instead of going to the store, and buying a new one,
I would learn how to make it myself. So when I would run out of lotion,
I learned how to make it myself. Run out of deodorant,
learn how to make it myself. Over time, all of the things
I had previously purchased, were now, ones that I made myself. The third thing that I started doing,
was shopping second-hand. So instead of buying new clothing, and putting new waste
into the waste cycle, I would buy things that were
totally recycled, second-hand. So not making any new trash. The fourth thing that I did
was I downsized. So I focused on having only
the things that were truly necessary, and that I really needed. Well this was really, really hard because I’m the kind of person
who’s really sentimental, and I can tell you as to why
a toothpick needs to be in my life. But after I really got through
that process, and I completely downsized, I realized that I had so many
fewer things in my life, my home was less cluttered,
and everything with easier to clean. And when you have fewer things you realize that you take
better care of them. Right? When you take better care of your
things you don’t have this mentality like: “If I don’t want this anymore I’ll just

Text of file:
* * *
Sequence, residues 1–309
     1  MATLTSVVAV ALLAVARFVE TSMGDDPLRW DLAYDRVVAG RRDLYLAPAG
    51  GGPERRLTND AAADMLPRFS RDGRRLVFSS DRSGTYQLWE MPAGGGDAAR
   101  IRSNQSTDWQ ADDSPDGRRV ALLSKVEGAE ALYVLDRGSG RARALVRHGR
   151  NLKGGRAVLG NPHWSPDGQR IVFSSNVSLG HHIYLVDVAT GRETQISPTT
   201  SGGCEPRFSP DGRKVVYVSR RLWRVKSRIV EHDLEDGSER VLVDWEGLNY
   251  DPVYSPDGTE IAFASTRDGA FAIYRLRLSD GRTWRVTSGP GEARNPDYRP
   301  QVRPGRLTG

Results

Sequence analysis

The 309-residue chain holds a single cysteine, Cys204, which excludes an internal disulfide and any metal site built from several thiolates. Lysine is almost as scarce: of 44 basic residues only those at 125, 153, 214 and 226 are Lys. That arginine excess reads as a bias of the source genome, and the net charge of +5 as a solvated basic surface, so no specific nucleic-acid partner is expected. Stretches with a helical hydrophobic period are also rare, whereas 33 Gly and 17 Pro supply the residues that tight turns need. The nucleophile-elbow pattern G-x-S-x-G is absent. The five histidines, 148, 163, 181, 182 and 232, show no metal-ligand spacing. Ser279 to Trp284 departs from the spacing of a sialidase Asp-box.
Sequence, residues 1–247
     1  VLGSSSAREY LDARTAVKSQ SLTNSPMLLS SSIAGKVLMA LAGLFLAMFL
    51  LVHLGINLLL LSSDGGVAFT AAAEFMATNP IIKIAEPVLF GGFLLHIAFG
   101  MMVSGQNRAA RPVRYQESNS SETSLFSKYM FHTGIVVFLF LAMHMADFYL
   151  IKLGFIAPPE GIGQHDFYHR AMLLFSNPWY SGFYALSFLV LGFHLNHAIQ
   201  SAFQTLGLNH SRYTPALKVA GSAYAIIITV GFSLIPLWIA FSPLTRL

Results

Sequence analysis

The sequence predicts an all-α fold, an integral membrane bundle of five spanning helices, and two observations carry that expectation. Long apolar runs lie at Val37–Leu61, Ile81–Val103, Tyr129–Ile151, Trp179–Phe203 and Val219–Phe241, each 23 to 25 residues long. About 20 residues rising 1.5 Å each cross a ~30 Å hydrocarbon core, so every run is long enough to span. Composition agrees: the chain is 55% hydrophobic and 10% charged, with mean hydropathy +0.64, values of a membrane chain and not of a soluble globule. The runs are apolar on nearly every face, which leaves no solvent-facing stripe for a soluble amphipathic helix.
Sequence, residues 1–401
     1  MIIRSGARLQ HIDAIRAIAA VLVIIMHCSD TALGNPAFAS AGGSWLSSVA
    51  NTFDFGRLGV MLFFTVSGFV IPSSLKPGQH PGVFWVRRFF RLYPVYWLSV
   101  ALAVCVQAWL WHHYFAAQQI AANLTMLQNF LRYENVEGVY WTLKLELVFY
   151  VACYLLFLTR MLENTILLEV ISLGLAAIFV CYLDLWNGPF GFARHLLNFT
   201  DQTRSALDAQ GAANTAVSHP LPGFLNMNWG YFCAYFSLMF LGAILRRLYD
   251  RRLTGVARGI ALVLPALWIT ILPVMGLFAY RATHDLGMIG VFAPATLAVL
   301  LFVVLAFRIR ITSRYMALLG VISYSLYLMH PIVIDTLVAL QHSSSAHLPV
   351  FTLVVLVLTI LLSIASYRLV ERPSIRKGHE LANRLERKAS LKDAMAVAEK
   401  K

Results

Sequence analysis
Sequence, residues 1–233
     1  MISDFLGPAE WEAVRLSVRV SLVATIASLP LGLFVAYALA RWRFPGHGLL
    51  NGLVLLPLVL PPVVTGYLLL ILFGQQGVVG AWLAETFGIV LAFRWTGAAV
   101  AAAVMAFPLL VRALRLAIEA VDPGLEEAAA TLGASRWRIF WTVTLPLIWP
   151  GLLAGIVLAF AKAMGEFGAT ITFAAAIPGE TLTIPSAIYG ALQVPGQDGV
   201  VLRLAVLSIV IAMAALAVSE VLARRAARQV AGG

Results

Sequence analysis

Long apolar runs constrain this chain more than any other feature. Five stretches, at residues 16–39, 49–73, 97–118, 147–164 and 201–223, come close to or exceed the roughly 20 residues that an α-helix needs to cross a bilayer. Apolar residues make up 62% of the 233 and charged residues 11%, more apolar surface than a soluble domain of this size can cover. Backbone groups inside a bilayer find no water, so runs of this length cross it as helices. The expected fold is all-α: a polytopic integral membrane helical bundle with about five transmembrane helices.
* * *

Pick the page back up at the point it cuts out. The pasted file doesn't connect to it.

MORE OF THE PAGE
throw it out and I get a new thing later.” No, I only had a few things
and so I took care of them, and wasn’t sending anything
to the landfill. All this must sound
pretty difficult. Right? I assure you, it’s not that hard. I’m just an average, lazy person, and I wouldn’t live this lifestyle
if it was difficult. In fact the benefits
of living this lifestyle far outweigh any of the negatives
that you can imagine. The first benefit is that I save money. So I save money when I buy my food, and the products, and when
I make my own products, because I’m not paying
for the embedded cost a packaging, so things are cheaper. I’m also saving money by shopping
completely second-hand, because second-hand clothing is usually
less expensive than new clothing. I’m also saving money
because I’ve downsized. I don’t go shopping all the time now and you know just buy things on impulse. I only have what I really need. The second benefit is that I eat better. When I go shopping now I don’t have
the option to buy processed food products, package-free, and so now my diet consists
of things like fresh fruit and vegetables, or bulk greens, and nuts